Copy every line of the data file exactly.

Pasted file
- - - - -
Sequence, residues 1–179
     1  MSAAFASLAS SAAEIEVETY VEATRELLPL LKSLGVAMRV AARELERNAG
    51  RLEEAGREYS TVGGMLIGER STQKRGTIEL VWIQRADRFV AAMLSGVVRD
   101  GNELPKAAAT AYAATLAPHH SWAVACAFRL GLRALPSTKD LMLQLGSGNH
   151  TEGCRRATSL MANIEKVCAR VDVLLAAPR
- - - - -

Sequence, residues 1–179
     1  MSAAFASLAS SAAEIEVETY VEATRELLPL LKSLGVAMRV AARELERNAG
    51  RLEEAGREYS TVGGMLIGER STQKRGTIEL VWIQRADRFV AAMLSGVVRD
   101  GNELPKAAAT AYAATLAPHH SWAVACAFRL GLRALPSTKD LMLQLGSGNH
   151  TEGCRRATSL MANIEKVCAR VDVLLAAPR